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K.K.SUNDARAN, AGED 36 YEARS versus V.N.REJI, AGED 36

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K.K.SUNDARAN, AGED 36 YEARS v. V.N.REJI, AGED 36 - Arb A No. 29 of 2006 [2006] RD-KL 2099 (29 November 2006)

IN THE HIGH COURT OF KERALA AT ERNAKULAM

Arb A No. 29 of 2006()

1. K.K.SUNDARAN, AGED 36 YEARS,
... Petitioner

Vs

1. V.N.REJI, AGED 36,
... Respondent

2. C.KHALID, ADVOCATE,

For Petitioner :SRI.N.N.SUGUNAPALAN (SR.)

For Respondent :SRI.VARGHESE C.KURIAKOSE

The Hon'ble MR. Justice J.B.KOSHY The Hon'ble MR. Justice M.N.KRISHNAN

Dated :29/11/2006

O R D E R

J.B. KOSHY & M.N.KRISHNAN, JJ.

Arb. Appeal No. 29 of 2006

Dated this the 29th day of November, 2006

Judgment

Koshy,J.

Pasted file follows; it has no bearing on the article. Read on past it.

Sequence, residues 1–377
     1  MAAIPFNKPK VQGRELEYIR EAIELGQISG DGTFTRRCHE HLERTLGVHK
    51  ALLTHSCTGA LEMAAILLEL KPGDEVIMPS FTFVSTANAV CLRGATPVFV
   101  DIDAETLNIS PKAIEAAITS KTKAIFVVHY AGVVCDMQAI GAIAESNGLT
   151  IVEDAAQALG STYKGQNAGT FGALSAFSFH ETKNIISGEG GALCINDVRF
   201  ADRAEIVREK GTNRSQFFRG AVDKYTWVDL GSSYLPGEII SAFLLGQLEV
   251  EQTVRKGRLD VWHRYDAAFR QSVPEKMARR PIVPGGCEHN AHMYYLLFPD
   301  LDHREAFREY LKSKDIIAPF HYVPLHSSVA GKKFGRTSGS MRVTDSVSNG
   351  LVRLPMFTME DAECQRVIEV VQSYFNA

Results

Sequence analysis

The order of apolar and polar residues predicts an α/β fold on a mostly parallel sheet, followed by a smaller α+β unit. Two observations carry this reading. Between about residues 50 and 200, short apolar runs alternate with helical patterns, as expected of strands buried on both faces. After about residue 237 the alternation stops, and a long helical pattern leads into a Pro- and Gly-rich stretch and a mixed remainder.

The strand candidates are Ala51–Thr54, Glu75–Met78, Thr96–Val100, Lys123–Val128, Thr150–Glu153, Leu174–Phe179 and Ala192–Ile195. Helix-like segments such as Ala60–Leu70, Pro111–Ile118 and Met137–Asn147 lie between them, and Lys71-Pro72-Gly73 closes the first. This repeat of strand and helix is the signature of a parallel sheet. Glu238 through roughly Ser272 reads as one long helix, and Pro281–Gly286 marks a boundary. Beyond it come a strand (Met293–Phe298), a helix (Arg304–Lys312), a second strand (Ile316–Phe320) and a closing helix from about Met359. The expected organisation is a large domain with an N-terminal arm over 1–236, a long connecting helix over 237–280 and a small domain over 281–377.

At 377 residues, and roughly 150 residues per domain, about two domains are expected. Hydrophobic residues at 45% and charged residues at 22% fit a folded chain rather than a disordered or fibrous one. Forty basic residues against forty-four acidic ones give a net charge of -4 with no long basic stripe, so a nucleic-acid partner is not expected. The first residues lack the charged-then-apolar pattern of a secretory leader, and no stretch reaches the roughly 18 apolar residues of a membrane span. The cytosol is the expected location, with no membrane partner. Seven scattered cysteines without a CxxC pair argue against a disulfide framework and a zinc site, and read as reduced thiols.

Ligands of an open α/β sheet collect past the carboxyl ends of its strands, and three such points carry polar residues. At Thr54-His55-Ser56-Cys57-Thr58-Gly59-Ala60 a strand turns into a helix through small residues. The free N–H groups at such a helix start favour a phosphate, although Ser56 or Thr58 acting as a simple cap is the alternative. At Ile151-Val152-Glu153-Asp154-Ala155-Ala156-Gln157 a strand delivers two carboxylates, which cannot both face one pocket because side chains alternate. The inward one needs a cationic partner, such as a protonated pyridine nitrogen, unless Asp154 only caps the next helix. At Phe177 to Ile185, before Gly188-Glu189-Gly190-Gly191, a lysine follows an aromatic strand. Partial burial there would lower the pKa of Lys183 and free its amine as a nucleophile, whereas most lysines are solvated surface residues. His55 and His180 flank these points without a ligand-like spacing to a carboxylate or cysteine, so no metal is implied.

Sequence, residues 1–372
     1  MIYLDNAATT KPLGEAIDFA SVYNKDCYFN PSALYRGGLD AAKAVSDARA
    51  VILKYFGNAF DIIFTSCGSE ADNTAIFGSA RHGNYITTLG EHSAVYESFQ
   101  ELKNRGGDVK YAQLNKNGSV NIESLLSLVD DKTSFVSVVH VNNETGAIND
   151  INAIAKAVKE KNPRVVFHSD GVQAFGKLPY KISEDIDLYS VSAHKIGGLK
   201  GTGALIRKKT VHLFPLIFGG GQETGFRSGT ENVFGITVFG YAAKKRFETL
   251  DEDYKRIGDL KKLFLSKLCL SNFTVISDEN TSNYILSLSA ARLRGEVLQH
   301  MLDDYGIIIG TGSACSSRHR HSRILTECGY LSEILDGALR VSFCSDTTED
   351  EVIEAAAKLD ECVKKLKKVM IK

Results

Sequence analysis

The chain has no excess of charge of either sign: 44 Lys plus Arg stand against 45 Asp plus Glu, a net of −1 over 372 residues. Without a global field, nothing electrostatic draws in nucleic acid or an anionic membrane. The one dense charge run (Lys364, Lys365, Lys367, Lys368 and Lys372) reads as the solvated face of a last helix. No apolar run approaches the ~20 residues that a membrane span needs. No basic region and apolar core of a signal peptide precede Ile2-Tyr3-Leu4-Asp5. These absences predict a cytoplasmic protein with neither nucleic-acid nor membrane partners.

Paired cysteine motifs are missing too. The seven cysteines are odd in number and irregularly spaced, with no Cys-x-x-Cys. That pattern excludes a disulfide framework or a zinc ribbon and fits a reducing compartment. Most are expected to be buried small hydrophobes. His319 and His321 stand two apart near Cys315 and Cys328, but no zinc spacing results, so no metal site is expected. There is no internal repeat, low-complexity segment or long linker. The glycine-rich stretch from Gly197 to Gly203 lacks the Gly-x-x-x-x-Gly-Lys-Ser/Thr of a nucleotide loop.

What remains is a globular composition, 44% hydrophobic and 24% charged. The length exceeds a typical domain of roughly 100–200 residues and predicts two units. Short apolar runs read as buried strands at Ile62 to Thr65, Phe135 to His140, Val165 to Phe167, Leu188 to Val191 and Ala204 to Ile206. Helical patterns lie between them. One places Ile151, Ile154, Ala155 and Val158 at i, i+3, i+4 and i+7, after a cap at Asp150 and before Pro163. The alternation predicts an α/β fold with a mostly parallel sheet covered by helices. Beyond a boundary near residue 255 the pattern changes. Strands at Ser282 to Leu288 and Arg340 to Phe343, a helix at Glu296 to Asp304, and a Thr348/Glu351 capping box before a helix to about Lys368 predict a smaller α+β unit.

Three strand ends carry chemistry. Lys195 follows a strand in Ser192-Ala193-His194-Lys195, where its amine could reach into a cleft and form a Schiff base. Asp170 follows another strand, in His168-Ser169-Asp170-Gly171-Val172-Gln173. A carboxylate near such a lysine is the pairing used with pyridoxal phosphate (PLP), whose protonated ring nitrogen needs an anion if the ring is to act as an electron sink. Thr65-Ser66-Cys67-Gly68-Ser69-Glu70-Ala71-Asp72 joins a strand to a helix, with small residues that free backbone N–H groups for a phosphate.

In Arbitration Request No.39 of 2001, this Court appointed a retired District Judge as arbitrator to resolve the dispute between the appellant and first respondent relating to 'Kochukarippal Jewellery' which was stated to be a firm constituted by the appellant and first respondent. According to the first respondent, a partnership deed was executed for conducting business in the manufacture and sale of jewellery items on 14.1.1999. It was intended to be run in a shop room which had been used by the appellant as a proprietary concern for the business conducted by him. The total capital of the proposed firm was agreed to be Rupees Five lakhs to be contributed equally by the appellant and first respondent. The value of the machineries, furniture and other rights of the proprietary concern of the appellant worth Rs.2,50,000/- was agreed to be treated as share capital of the appellant and first respondent advanced cash of Rs.2,50,000/- towards his share of capital. They Arb.Appeal No. 29/2006 2 purchased 464 grams of gold from Bhima Jewellery for jewellery business and started the business. The details of the same were incorporated in clause 3 of the partnership deed which was prepared by a Chartered Accountant. The appellant being a goldsmith, by profession, was designated as the Managing Partner of the firm. It is the case of the first respondent that after commencement of the business, appellant treated the firm as a proprietary business and respondent was even denied the right to scrutinise the business account and refused to give his share of profit. Thereafter, first respondent issued notice to the appellant seeking statement of accounts. That request was turned down. Therefore, first respondent claimed the capital investment of Rs.2,50,000/- made by him and also share of profits from the business at the rate of Rs.5,000/- per month for a period of 45 months and also a sum of Rs.25,000/- as half of the value of the goodwill of the business. In view of the arbitration clause in the arbitration deed, arbitrator was appointed by this Court despite objections from the appellant. First respondent filed detailed claims before the arbitrator. Appellant filed a counter statement before the arbitrator denying Arb.Appeal No. 29/2006 3 the existence of the firm and execution of the partnership agreement. Even though appellant wanted to refer the matter for expert opinion regarding the genuineness of the signature, arbitrator did not allow the request and proceeded with the arbitration and passed an award for payment of Rs.2,83,427/- with 12% interest per annum from 6.9.2003 till realisation. Appellant filed petition under section 34 of the Arbitration and Conciliation Act, 1996 to set aside the award dated 5.9.2003 in Arbitration Request No.39 of 2001. The District Court dismissed the petitioner. Hence, this appeal was filed.